The message at another recent school safety conference sponsored by the U.S. Department of Education (ED) was simple: Students who commit violent acts in schools are often neglected by family, community members, and peers.

Bill Modzeleski, director of ED’s Safe and Drug Free Schools program, urged educators March 9 to build alliances with local service organizations and, most importantly, with students themselves in order to prevent school violence.

The students who commit violent acts are often victims of bullies and turn to violence as a last resort, he said.

“We insist no child falls through the cracks,” Modzeleski said on the first day of a two-day Delta Safe Schools Conference. “Every child that needs help, gets help. And every child goes through life with a steady, mature hand.”

More than 100 educators from the seven-state Mississippi Delta region attended the conference at Arkansas State University.

Modzeleski said schools must reach out to community agencies that provide special services to students, such as youth centers, law enforcement agencies, mental health centers, and churches.

Schools don’t exist in isolation, he said, and fostering relationships with community institutions helps ensure students get adequate attention before violence can occur.

Modzeleski said that, for the most part, public schools are “among the safest places in the country.” He said 90 percent of schools have no serious violent crime and 43 percent of schools have no crime at all.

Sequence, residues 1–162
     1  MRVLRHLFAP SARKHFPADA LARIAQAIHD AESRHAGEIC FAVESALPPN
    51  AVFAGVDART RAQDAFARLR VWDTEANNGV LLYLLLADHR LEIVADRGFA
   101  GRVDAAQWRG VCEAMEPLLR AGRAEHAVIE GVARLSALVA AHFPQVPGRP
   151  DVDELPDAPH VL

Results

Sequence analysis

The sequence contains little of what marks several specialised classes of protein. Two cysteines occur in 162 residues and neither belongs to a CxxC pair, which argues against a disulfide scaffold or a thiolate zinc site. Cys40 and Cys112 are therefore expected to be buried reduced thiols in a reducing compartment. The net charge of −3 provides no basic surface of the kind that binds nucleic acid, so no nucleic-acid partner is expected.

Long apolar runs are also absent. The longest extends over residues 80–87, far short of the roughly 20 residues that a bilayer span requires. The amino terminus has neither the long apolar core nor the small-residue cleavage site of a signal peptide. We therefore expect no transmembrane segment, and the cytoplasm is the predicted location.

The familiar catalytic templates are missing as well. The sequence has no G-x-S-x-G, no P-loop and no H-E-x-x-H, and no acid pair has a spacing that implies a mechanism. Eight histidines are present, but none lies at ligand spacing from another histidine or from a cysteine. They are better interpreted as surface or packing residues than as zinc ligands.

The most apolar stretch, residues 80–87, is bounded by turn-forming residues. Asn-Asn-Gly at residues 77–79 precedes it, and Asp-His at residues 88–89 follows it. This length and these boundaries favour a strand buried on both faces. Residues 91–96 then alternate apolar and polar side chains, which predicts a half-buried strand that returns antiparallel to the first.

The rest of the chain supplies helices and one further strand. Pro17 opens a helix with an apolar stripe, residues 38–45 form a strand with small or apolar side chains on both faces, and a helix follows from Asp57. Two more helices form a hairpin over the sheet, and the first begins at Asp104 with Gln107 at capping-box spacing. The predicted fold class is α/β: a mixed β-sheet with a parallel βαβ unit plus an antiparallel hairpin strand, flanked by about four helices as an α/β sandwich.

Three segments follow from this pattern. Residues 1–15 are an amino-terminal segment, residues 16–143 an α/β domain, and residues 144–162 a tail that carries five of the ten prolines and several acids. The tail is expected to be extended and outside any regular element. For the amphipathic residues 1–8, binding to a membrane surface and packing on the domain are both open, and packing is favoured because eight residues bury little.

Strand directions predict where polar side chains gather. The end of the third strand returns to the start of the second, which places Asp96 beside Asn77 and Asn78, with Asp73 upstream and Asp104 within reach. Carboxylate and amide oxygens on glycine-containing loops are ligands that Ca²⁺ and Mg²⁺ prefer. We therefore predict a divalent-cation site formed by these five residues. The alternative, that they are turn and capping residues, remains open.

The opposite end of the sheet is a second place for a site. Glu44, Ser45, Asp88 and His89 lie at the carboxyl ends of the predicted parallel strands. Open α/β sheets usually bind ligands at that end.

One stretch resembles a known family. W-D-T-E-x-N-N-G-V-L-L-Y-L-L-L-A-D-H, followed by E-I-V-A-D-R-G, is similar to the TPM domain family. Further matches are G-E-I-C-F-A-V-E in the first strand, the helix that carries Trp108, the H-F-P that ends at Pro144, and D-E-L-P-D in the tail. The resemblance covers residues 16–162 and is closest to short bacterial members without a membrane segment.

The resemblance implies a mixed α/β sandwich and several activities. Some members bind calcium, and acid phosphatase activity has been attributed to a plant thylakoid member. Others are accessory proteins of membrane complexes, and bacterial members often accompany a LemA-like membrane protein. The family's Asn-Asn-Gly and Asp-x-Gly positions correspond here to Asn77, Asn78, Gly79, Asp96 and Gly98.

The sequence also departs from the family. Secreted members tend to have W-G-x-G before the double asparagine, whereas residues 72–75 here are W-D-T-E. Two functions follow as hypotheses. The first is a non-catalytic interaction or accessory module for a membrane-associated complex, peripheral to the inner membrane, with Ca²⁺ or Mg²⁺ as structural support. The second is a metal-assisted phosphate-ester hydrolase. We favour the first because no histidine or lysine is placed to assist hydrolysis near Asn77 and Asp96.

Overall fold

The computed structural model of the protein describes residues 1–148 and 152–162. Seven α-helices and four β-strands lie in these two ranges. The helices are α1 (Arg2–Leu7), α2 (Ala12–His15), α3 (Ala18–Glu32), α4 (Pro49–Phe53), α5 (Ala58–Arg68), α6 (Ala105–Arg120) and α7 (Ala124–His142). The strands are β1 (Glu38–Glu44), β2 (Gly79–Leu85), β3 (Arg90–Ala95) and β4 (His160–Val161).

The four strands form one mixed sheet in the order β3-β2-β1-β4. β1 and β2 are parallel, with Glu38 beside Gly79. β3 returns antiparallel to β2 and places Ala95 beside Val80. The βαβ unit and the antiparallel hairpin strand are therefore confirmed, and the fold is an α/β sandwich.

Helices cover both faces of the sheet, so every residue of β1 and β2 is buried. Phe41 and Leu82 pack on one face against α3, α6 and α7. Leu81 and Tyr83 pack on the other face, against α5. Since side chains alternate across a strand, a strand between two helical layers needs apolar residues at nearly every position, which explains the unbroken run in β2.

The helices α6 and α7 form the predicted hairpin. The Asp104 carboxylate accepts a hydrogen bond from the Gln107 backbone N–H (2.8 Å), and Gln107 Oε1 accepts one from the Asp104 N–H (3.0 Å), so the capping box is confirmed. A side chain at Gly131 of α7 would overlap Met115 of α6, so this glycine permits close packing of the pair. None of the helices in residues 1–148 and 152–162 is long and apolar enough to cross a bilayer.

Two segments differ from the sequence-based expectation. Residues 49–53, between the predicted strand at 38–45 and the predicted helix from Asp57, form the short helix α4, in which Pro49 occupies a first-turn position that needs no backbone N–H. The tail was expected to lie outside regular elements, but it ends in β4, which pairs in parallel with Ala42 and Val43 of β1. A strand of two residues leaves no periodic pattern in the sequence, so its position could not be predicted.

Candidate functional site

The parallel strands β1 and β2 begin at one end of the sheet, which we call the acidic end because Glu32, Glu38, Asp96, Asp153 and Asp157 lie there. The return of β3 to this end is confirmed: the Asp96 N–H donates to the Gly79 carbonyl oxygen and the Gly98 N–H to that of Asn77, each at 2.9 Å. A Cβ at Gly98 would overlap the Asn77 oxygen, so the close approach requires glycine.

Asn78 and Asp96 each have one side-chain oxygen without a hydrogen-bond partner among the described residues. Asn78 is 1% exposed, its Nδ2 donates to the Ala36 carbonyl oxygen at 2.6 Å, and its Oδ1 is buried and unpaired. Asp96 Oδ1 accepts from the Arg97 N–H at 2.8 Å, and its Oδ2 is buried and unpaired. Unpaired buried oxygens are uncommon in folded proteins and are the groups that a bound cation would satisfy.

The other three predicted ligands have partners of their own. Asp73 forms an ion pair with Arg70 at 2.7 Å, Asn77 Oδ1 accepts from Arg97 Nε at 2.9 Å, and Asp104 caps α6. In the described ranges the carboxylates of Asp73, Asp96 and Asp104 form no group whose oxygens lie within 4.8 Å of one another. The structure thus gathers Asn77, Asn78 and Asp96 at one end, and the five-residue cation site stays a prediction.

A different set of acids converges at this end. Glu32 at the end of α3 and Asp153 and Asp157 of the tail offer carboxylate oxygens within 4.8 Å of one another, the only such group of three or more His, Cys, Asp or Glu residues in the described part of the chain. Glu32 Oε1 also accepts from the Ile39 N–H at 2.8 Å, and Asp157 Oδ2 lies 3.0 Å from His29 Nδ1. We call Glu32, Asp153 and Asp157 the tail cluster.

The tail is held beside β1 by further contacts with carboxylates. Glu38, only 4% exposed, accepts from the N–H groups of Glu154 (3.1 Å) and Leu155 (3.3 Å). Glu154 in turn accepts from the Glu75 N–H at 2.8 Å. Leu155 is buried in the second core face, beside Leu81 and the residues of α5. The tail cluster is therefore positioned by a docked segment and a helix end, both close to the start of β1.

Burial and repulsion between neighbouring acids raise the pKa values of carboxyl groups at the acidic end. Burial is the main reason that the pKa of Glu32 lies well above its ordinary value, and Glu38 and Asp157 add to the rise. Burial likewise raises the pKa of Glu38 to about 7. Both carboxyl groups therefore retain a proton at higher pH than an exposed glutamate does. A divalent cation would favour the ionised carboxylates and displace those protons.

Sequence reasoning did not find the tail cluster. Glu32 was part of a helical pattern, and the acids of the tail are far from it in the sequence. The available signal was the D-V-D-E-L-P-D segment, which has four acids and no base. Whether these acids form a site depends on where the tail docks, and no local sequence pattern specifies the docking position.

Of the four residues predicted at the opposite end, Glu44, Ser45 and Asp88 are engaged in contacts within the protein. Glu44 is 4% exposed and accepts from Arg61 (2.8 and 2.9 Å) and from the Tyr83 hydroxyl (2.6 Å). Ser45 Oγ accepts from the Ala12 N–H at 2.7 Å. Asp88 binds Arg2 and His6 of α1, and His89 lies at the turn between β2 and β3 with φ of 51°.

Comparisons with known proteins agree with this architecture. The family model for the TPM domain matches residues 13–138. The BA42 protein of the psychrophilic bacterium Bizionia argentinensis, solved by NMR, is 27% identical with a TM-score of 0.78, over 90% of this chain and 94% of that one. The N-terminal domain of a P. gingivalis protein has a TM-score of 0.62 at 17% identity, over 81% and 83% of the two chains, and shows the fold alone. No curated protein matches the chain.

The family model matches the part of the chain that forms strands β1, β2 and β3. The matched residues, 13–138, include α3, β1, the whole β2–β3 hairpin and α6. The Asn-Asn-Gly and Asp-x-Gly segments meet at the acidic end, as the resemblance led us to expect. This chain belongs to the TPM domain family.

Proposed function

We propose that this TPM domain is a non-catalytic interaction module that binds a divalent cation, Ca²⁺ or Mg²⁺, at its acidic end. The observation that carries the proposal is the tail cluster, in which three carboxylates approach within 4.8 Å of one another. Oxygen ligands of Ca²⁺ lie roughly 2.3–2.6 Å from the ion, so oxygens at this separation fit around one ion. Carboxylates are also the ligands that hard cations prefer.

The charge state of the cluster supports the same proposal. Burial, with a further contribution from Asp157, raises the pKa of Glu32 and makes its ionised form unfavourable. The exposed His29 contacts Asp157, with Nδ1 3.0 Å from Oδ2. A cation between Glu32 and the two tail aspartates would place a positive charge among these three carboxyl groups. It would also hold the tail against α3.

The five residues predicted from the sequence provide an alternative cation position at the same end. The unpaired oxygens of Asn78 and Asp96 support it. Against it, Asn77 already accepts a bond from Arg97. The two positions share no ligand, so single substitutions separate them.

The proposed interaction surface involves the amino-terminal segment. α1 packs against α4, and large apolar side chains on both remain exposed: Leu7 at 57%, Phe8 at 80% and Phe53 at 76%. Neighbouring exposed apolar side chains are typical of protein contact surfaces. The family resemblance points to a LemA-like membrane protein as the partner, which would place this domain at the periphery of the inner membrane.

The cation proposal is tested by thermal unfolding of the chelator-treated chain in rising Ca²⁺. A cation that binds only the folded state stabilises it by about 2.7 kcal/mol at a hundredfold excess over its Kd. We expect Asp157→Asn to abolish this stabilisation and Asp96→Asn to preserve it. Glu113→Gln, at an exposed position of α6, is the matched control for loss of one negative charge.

He said recent mass shootings, including the murder of four students and a teacher at Westside Middle School in nearby Jonesboro almost two years ago, make some people think all school violence is on the increase.

“There is a perception, especially in Jonesboro, that crime and violence have become a regular part of school life,” he said, but incidents of school violence have stayed about the same since the 1960s.

He said that his department and local school districts should work together to make schools safe in the 10 percent of districts that experience violent crime and the 57 percent who suffer some crime.

Administrators should abandon traditional measures in favor of providing discipline in the best interest of the student, Modzelewski said.

Ending school violence starts by building a connection with every student, he said, as well as shifting the focus from serious crimes to violent incidents that occur in school every day. He said small discipline problems like fistfights and truancy could lead to more serious crimes if a student’s need is not immediately addressed.

Modzeleski said interviews with more than a dozen students who have committed murders on school—but not including Westside shooters Mitchell Johnson and Andrew Golden—showed that most viewed themselves as victims of constant harassment at school.

“The schools did little or nothing to help them,” he said. “Absent is any symbol of connectiveness between them and the school or the family.”

The conference was called in December by President Clinton as part of his administration’s broad initiative to boost the Delta region.